As the oldest of four, I was perfectly happy with this arrangement. Having brothers, I could delicately beg off doing the inevitable lawn duty that came with three free canines, and instead could focus on doling out milkbones to our communal pets. We didn't own any animals, yet every summer night at least one of these pooches would whine, scratch, or bark at our door, eager to get snacks, get pats, and go play fetch when we had finished dinner.
I can still remember my dad, shaking his head in the kitchen as he recounted to my mom his first meeting with what would become our favorite dog : "Cath, I just lost 10 years off my life... I was putting out the trash, right, and I see this enormous Doberman--huge!-- looking at me from up the street. So I slowly start to come back towards the house, and he starts running towards me. Not barking, just running. And I'm like, this is it. So he flies up, comes to a stop beside me, and starts nudging my knee. Would you believe... He just wanted to be pet! Must have just starched his ears for a good 20 minutes out there, wanted to make sure we were friends!"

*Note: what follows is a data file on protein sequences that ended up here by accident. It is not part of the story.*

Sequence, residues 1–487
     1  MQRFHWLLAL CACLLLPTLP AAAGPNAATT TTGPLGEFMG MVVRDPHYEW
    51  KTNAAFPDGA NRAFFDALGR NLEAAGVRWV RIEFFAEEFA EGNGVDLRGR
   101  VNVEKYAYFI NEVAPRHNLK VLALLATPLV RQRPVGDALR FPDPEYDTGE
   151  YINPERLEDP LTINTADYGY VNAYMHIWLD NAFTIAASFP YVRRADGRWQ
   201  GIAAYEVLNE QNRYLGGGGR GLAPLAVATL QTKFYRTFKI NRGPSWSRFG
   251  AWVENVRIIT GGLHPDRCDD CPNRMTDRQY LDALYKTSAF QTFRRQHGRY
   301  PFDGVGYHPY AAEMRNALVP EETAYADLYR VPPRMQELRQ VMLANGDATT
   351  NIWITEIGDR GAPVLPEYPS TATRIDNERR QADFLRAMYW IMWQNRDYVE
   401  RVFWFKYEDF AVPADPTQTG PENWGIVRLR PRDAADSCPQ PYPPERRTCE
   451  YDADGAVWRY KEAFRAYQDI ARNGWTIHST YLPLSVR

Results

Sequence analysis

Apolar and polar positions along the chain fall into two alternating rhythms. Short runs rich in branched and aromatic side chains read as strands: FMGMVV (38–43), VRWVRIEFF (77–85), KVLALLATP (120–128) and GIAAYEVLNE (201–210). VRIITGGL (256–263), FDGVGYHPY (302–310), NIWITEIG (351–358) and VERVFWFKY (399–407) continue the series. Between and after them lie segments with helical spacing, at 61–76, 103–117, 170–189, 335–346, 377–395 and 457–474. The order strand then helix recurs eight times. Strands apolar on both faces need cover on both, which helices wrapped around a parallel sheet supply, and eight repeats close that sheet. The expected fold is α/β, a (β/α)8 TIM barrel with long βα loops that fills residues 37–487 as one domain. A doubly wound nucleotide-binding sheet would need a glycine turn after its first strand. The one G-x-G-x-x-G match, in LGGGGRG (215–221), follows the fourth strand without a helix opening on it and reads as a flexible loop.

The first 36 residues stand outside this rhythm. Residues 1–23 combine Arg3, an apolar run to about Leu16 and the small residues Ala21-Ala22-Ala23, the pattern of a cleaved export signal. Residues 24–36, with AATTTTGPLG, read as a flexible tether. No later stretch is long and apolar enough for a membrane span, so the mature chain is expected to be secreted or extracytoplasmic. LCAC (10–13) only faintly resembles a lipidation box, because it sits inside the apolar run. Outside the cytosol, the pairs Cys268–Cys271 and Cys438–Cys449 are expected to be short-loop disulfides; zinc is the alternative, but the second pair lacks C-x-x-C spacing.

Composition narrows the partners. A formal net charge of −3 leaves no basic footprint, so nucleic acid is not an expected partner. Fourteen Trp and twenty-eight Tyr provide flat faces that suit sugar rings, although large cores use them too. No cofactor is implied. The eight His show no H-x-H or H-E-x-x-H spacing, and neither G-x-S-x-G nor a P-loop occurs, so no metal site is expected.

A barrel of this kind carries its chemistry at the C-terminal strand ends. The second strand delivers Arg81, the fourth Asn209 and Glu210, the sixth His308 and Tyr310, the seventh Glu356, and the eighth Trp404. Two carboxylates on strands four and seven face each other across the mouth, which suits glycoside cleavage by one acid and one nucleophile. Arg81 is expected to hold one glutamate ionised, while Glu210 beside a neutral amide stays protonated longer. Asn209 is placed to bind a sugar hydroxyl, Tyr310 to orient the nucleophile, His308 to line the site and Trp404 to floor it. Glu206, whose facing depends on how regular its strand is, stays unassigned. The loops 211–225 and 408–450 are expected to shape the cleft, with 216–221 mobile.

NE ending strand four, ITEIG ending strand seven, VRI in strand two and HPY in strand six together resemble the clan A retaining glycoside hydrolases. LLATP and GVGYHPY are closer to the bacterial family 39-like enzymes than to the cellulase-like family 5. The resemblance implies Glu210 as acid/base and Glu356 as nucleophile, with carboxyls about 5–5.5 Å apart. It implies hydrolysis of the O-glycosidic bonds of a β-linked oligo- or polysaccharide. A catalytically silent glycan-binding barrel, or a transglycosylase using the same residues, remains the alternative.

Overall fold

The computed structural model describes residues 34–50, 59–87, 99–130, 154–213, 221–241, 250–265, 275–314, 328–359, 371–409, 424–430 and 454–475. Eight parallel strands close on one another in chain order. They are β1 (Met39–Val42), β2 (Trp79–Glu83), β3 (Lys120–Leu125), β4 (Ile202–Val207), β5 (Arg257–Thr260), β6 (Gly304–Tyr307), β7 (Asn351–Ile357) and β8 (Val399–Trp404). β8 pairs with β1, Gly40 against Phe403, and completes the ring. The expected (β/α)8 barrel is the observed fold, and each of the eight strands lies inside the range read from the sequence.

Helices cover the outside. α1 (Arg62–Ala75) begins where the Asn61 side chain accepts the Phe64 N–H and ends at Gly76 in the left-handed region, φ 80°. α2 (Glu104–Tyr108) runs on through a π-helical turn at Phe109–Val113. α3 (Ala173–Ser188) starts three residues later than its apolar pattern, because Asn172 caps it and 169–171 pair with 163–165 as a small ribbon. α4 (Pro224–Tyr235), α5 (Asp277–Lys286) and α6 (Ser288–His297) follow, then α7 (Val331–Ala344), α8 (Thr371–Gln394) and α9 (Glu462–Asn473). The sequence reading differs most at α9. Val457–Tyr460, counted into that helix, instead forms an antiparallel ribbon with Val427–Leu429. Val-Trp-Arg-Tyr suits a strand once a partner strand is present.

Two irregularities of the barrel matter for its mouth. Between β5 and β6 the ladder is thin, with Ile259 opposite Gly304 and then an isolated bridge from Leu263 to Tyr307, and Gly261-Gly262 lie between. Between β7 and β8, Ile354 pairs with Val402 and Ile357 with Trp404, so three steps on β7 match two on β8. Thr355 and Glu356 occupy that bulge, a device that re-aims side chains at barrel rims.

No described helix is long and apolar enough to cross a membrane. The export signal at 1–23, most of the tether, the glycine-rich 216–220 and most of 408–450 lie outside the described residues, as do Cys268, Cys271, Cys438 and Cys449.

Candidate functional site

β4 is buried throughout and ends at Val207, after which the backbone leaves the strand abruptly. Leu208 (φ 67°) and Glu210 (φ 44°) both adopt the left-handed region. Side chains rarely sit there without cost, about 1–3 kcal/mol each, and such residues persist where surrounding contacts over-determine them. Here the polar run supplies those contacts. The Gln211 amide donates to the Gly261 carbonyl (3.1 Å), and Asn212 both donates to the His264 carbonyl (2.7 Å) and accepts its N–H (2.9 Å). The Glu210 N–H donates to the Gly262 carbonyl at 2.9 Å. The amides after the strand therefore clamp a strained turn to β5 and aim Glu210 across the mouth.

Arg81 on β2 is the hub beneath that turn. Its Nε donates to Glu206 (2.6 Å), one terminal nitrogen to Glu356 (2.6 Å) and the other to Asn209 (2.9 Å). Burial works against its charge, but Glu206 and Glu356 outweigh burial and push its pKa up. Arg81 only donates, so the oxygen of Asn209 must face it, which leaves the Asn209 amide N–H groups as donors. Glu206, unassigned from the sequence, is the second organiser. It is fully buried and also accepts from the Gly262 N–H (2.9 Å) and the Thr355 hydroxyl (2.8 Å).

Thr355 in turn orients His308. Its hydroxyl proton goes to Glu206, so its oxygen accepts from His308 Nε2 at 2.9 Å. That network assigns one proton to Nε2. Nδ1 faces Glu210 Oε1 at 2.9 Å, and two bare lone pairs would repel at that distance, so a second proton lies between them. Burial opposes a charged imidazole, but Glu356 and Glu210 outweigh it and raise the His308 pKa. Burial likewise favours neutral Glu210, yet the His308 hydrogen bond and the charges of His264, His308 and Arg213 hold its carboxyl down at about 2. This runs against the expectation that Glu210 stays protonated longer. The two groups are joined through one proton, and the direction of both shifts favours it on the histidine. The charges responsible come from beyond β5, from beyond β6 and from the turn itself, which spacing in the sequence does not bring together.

Conan the Doberman, Sadie the Shepherd, and Bozly, the roly poly Pitbull who would eat absolutely anything... pebbles were not off limits even: these dogs were among the sweetest, friendliest animals I've ever known. It was only as an adult that I realized there was anything unusual about this arrangement.
And that's how I learned not to be prejudiced.
"Do unto others as you would have done unto you." Luke 6:31